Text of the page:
Special issue highlights cutting-edge research in landscape ecology
To understand the effects of landscape patterns, you first have to know how to measure them. A special issue of the journal Landscape Ecology assesses the state of the science of landscape pattern analysis.
The ecology and sustainability of any landscape are influenced by the types and arrangement of people and ecosystems found within it. As landscapes change, measuring changes in these patterns is crucial for natural resource management, planning, and conservation applications. For this reason, developing the best methods for pattern measurement is a central research topic in the field of landscape ecology. Appearing three decades after the first scientific papers on landscape patterns were published, a special issue in the journal Landscape Ecology assesses the state of the science and suggests future research directions. Forest Service researchers from the Eastern Forest Environmental Threat Assessment Center organized the issue and contributed to four papers. “The special issue demonstrates that research on landscape patterns remains an essential and vibrant topic in the field,” said Jennifer Costanza, lead editor and faculty member at North Carolina State University. The issue reflects two parallel, complementary approaches in the development of landscape pattern measurement – the search for general methods that can be applied to a wide range of studies, and the search for specific methods tailored to a certain place or type of landscape change. Both of these methods in tandem will be important for comprehensive monitoring of landscapes. Scientists and land managers have access to more maps of the earth’s resources and at a faster rate than ever before; developing the best methods for analyzing them and monitoring change is a key role for landscape ecologists to play in ensuring that information can be understood and used.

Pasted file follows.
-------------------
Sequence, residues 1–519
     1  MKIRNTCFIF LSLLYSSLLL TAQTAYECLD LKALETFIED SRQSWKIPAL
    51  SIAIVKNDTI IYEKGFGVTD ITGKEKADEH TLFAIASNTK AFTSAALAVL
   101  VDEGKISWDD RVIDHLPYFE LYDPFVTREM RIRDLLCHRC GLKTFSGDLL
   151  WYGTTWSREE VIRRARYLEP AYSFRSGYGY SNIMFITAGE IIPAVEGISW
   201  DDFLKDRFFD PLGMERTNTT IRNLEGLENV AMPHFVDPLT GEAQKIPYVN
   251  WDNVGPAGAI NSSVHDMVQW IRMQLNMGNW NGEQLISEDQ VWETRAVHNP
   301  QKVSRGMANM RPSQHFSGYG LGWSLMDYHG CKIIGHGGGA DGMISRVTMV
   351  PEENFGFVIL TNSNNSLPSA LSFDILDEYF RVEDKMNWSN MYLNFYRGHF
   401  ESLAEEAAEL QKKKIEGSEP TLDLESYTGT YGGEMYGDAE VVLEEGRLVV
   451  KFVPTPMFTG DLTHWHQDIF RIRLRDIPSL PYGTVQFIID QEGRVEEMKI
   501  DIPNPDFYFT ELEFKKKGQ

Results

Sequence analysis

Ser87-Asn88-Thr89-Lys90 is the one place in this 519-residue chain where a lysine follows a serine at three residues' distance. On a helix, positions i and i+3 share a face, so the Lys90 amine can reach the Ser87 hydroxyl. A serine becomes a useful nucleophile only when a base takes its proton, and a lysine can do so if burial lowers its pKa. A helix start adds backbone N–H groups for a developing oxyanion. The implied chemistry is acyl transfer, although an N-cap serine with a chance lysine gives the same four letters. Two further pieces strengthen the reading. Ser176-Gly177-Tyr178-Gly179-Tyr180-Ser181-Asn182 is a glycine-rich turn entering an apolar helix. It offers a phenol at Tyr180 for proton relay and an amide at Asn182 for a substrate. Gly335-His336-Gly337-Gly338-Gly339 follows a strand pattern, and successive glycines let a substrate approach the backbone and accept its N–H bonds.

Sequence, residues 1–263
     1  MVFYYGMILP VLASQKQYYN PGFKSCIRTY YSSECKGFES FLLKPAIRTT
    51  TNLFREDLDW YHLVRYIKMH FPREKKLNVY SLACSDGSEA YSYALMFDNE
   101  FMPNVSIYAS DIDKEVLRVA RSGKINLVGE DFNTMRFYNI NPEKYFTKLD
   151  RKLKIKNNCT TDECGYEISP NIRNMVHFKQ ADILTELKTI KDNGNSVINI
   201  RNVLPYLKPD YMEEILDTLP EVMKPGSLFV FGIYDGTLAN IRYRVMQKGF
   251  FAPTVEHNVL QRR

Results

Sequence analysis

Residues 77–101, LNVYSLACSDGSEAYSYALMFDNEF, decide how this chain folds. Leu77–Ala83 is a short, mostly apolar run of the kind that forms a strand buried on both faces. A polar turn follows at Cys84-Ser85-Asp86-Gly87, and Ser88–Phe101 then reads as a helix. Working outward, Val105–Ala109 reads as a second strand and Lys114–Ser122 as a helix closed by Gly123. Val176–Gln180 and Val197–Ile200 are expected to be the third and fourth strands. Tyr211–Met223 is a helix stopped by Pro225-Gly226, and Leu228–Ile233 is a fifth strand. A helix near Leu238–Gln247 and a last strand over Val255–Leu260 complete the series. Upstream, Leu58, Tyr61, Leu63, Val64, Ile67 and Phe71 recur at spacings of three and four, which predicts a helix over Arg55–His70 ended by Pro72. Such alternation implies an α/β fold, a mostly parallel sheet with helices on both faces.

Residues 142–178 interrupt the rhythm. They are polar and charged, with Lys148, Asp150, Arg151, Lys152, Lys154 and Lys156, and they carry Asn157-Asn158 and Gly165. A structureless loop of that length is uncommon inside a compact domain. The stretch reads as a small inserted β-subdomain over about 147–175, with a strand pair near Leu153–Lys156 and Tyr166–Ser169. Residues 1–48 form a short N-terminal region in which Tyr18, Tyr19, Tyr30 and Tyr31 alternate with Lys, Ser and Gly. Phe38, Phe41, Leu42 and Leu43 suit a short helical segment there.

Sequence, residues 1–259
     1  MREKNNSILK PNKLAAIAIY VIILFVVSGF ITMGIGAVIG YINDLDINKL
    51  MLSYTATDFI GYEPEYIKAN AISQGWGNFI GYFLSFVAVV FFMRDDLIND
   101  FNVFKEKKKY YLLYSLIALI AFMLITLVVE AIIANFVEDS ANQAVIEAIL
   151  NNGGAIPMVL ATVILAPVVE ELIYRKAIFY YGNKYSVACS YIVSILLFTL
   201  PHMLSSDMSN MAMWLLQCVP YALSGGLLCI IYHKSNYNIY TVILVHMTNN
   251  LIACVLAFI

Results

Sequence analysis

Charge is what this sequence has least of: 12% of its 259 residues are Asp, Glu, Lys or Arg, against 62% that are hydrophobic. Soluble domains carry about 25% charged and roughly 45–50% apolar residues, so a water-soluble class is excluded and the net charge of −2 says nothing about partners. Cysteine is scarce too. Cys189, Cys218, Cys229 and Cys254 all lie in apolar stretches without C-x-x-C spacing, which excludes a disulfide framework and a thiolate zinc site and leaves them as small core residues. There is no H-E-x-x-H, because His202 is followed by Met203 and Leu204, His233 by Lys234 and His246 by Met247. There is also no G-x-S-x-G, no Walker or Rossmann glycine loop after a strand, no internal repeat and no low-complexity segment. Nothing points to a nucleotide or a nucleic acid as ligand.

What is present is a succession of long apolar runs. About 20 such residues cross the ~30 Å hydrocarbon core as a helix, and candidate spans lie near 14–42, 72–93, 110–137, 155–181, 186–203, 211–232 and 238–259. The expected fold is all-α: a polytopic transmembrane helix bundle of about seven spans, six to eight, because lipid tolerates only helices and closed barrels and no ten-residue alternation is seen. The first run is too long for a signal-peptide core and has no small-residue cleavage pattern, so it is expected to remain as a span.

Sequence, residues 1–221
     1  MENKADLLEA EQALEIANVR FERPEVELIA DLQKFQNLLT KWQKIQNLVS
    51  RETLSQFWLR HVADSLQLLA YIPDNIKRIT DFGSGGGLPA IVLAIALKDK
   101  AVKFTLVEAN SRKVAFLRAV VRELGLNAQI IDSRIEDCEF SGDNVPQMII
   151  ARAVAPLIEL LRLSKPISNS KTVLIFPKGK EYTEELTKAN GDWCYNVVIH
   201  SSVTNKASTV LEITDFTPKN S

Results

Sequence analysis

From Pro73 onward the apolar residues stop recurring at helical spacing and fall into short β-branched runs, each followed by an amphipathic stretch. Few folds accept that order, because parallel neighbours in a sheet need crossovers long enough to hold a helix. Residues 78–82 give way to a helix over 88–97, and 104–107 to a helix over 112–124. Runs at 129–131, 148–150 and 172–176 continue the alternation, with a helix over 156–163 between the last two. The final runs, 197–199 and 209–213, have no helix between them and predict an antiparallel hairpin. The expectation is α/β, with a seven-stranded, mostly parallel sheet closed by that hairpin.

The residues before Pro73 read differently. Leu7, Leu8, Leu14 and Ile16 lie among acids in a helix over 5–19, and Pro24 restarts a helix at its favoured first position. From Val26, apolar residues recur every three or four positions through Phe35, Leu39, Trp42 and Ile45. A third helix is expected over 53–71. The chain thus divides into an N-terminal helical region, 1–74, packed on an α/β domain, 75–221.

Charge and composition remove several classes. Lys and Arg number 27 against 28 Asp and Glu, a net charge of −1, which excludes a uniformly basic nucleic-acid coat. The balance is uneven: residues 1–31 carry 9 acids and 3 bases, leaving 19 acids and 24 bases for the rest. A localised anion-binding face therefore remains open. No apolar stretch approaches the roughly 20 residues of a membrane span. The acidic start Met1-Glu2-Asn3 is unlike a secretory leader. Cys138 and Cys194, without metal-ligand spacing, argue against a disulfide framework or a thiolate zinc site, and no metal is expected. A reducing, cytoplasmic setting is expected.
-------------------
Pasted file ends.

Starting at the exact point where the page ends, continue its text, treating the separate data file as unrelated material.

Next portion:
Pictured: Managing landscapes requires measuring patterns that are relevant to many ecological processes. The diverse patterns evident in this landscape can be measured in a variety of ways to inform land managers. Photo by Larry Korhnak, Courtesy of Interface South.
Contact: Jennifer Costanza, PhD, North Carolina State University, firstname.lastname@example.org; Kurt Riitters, Research Ecologist, Eastern Forest Environmental Threat Assessment Center, email@example.com.